museums&MORE Spring 2015
The Curiosity Shop: Where merchandise sparks the inquisitive spirit

By Leigh Jajuga, Assistant Editor

With an array of products inspiring wonderment and a thirst for knowledge, there’s nothing curious about the success of the Grand Rapids Public Museum’s Curiosity Shop.

The two-decade-old gift store features an eclectic assortment of regional gifts and retail management know-how that makes it distinct.

The Curiosity Shop is really unique because our museum is unique,” manager Hannah Novak said. “We aren’t limited by a specific theme or genre, such as science, art or architecture, but can encompass everything associated with West Michigan.”

The Curiosity Shop is celebrating its 20th year at its scenic downtown Grand Rapids location, which overlooks the Grand River. Sales growth has remained steady throughout the years, allowing the shop’s comprehensive selection of products to grow and, most importantly, stay profitable.

“It’s becoming a gift shop for the community,” Novak said, “and we’re working hard to create that variety of merchandise and product to have it be more of a destination shopping spot instead of the end-of-a-museum-tour gift shop.”

With items ranging from build-your-own biplanes and locally made jewelry to an assortment of children’s items, such as freeze-dried Astronaut Ice Cream and 70-inch plush snakes, the Curiosity Shop includes a wide range of consumer interests.

According to Novak, there are more than 250,000 artifacts the museum has to offer and the gift shop’s product goal is to reflect this significant diversity in retail items.
“These hundreds of thousands of artifacts, documents and historical photographs inspire merchandise to represent the museum, Grand Rapids, Michigan, and the world,” she said.

Play to learn, learn to play

One way the Curiosity Shop appeals to customers is by creating an interactive atmosphere with displays lining the store entrance. These displays include an iconic mechanical horse named “Sandy,” a custom Penny Press machine, which imprints images of the museum into a penny with the crank of a lever, and a large piece of the Berlin Wall with an informative, commemorative plaque beneath it.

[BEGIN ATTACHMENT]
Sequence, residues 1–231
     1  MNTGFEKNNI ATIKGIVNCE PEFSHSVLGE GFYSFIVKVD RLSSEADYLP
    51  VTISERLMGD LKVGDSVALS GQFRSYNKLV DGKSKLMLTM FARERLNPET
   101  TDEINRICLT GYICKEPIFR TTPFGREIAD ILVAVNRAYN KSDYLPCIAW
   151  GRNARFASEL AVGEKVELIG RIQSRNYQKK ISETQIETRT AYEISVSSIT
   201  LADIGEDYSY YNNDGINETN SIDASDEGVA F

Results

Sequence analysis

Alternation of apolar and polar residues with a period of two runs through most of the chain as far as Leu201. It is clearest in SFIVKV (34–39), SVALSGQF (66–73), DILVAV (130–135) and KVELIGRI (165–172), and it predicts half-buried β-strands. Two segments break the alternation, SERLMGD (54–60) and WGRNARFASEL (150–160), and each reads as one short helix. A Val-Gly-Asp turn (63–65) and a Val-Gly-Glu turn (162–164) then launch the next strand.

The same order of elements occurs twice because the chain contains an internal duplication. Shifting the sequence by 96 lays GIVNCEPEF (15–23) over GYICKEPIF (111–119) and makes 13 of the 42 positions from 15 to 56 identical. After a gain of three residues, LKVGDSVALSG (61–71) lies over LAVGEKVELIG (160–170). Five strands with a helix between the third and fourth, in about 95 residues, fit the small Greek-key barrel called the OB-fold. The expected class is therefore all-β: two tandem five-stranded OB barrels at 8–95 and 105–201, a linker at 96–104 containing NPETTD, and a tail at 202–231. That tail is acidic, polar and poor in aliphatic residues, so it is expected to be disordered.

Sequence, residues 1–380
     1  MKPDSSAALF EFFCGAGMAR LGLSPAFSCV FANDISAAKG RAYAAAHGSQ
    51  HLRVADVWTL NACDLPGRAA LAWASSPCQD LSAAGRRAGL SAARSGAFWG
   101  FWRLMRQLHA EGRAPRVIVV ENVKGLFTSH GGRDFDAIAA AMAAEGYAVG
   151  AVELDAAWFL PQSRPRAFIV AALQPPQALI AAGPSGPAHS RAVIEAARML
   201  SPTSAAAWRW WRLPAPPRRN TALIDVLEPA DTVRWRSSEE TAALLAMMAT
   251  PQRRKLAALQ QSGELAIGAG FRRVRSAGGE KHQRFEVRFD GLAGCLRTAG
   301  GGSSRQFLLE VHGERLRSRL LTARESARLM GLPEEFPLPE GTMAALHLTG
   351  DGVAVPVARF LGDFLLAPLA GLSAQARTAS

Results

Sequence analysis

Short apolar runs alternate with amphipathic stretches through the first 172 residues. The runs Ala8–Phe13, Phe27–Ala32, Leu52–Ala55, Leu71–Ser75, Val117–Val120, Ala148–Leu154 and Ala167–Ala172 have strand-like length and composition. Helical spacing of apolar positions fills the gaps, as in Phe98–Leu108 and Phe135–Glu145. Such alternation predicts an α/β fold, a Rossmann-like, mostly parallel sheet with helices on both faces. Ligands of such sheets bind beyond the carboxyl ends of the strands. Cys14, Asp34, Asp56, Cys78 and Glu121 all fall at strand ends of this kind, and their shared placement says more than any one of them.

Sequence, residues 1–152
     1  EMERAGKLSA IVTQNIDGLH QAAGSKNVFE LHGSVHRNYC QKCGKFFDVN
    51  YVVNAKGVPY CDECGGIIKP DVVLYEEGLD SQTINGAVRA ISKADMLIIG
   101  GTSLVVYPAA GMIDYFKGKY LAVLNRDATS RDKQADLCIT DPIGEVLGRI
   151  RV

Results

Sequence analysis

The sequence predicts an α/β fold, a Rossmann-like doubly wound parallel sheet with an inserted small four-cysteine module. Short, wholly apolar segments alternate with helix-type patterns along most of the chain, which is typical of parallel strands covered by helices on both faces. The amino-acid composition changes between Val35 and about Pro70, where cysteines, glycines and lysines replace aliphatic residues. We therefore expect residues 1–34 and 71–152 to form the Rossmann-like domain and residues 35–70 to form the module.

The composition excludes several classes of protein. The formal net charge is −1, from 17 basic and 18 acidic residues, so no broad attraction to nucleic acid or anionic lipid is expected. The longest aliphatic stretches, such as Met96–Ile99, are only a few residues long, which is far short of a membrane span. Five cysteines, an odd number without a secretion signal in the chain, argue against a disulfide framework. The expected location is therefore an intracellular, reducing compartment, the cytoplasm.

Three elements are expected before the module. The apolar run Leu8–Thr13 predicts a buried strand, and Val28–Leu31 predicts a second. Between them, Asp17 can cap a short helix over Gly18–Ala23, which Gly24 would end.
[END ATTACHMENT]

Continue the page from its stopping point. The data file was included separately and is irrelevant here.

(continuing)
“”Having a display item for guests to interact with is always very helpful and it’s fun to see others experience a product to validate purchasing it,” Novak said.

Novak noted the importance of frequently rearranging these displays in accordance with museum exhibits as a way to not only create a new experience for each customer’s visit but also as a way maximize foot traffic and sales.

“We rearrange the store often to keep it fresh by revising displays to reflect popular and exhibit-related items,” Novak said. “Our exhibits department is very creative and has made custom displays shaped like trees for plush animals to add interest and whimsy.”

Whether your interests lie in astronomy, geology, entomology or even literature — the Curiosity Shop’s small library and cozy reading nook invites all ages to engage their gift store-inspired fascinations.

“Curiosity is the foundation of our brand, and all that we offer here at the museum —it’s a place of learning for all,” Novak said. “We bring curiosity through the entire museum experience, including into the gift shop.”

Local approach

One aspect of the Curiosity Shop’s success is the approach Novak takes as Michigan-centric buyer.

“I think local products are very important to most people who come in, many of whom are looking for USA- or Michigan-made items,” Novak said. “One of our most popular items is made with Michigan mint or Michigan cherry juice.